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ISCHAEMIC HEART DISEASE
Low molecular weight heparin for PCI ▸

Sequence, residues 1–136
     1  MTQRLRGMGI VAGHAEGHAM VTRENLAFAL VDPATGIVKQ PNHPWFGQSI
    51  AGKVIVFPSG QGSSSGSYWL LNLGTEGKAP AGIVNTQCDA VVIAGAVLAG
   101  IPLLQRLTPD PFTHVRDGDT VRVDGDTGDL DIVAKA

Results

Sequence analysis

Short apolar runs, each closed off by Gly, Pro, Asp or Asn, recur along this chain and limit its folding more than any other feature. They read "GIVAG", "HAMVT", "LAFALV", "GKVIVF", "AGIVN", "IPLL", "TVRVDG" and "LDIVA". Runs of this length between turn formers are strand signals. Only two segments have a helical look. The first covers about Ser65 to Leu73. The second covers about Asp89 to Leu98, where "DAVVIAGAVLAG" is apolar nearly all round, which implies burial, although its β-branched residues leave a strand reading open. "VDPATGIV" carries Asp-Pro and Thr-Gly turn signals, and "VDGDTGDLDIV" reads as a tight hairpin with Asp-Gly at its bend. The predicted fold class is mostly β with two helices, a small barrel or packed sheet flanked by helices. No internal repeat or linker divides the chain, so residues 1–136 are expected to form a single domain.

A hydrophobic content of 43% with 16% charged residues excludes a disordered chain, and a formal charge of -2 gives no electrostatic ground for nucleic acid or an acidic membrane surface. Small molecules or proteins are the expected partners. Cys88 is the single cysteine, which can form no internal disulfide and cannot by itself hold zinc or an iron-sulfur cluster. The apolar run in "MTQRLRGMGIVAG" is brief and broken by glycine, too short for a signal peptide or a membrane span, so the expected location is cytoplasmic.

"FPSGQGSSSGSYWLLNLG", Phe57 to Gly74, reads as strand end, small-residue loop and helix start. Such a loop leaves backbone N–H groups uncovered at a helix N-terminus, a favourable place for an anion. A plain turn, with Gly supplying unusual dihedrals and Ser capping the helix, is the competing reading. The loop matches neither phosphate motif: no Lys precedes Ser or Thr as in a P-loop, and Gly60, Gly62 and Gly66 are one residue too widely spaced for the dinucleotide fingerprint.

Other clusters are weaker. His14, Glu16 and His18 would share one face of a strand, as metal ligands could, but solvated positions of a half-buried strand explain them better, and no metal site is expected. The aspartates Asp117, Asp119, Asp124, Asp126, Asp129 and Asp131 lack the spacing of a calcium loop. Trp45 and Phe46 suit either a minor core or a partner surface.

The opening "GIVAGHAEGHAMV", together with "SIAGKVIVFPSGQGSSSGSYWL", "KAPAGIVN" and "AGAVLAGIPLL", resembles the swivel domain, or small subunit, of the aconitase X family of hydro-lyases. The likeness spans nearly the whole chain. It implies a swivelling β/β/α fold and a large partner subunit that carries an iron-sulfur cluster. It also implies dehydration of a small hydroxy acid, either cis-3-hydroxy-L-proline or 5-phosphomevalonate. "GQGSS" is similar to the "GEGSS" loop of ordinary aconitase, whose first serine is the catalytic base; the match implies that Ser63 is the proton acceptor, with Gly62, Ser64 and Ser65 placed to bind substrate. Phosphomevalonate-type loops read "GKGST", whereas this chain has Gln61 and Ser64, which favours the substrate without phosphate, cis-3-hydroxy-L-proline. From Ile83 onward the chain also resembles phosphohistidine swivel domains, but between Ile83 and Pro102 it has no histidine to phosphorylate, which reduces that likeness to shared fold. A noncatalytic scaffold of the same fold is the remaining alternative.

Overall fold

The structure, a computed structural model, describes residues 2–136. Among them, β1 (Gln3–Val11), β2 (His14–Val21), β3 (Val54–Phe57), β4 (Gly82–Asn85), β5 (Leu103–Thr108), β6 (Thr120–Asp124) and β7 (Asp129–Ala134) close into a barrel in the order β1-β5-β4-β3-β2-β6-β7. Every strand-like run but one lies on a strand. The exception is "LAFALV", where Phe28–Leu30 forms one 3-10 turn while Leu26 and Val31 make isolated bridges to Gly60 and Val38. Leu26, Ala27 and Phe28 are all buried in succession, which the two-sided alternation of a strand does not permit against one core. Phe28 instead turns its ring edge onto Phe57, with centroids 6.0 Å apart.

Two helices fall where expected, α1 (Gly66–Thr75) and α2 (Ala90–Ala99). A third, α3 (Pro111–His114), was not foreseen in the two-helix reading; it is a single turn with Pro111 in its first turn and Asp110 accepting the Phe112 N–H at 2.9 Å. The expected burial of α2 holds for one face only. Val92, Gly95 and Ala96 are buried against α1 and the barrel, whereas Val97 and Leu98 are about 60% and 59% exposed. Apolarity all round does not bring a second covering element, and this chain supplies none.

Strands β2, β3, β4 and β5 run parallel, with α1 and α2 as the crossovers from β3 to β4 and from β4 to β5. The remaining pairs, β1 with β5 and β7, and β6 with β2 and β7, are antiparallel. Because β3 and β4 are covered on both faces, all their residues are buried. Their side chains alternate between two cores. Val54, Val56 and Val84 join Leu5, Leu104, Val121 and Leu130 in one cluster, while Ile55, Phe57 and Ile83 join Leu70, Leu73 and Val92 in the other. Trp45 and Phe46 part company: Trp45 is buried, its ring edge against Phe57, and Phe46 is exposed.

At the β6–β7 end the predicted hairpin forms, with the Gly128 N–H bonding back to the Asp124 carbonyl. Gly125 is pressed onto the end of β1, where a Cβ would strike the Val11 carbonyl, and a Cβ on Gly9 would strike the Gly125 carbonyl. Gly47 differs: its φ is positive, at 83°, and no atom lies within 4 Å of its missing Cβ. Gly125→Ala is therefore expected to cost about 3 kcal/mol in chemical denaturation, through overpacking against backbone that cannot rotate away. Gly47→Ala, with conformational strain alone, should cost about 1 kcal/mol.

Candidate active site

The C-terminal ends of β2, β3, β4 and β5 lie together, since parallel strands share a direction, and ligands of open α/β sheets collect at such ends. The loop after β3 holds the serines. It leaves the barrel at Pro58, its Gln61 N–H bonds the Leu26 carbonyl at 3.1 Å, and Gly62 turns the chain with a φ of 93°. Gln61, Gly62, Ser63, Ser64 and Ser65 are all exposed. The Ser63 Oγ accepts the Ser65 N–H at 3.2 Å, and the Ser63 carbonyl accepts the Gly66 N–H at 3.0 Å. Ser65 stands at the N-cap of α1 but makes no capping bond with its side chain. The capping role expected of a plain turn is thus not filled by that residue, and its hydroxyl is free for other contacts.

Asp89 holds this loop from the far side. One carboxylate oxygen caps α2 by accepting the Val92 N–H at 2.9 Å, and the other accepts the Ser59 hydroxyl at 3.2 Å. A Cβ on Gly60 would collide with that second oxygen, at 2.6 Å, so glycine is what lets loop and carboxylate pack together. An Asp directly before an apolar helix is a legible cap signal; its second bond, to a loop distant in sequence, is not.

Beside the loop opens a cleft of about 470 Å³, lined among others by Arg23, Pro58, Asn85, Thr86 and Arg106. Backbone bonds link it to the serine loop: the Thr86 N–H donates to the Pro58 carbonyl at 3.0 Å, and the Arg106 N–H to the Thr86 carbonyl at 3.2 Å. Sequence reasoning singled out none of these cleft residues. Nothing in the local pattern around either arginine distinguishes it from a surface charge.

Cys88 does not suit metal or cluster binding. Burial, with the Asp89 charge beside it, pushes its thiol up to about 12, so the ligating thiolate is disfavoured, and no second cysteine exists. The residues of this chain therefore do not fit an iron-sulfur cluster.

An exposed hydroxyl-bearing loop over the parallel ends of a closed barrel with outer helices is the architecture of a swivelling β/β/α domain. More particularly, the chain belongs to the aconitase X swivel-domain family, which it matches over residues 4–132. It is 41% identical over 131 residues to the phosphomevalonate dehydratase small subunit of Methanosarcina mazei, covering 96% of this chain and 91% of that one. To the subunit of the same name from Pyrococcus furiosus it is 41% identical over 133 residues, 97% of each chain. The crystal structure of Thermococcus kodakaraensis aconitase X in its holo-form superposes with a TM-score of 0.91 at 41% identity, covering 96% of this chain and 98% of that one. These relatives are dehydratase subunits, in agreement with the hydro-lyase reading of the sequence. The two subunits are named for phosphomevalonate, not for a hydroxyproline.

Currently the risk of a major bleeding complication following a percutaneous coronary intervention (PCI) is estimated at 4–7% (SYNERGY, REPLACE-2). Low molecular weight heparins (LMWH) offer a number if benefits over unfractionated heparin that may be able to reduce this complication rate, such as having a more stable and predictable anticoagulant dose response. Only relatively small trials to date have evaluated the use of intravenous enoxaparin on post-PCI bleeding rates, and a meta-analysis of data from these trials suggested a non-significant trend toward a reduction in major bleeding with LMWH. To investigate this possibility further the STEEPLE (Safety and Efficacy of Enoxaparin in Percutaneous Coronary Intervention Patients, an International Randomized Evaluation) trial randomly assigned 3528 patients undergoing elective PCI to receive either enoxaparin (0.5 mg or 0.75 mg per kg body weight) or unfractionated heparin adjusted for activated clotting time. The primary end point was the incidence of major or minor bleeding that was not related to coronary artery bypass grafting. The main secondary end point was the percentage of patients in whom the target anticoagulation levels were reached. At a dose of 0.5 mg/kg enoxaparin was associated with a significant reduction in the rate of bleeding at 48 h, as compared with unfractionated heparin (5.9% v 8.5%; p = 0.01), but the higher dose of 0.75 mg/kg was not (6.5% v 8.5%; p = 0.051). Target anticoagulation levels were reached in significantly more patients who received enoxaparin (79% for 0.5 mg/kg dose, 92% of 0.75 mg/kg dose) than in those who received unfractionated heparin (20%; p<0.001). In conclusion, intravenous enoxaparin gave a more predictable anticoagulation response than unfractionated heparin, with the 0.5 mg/kg dose also giving reduced rates of bleeding. It must be noted, however, that the overall mortality rate of 1.0% in the 0.5 mg enoxaparin group is twice that expected for …
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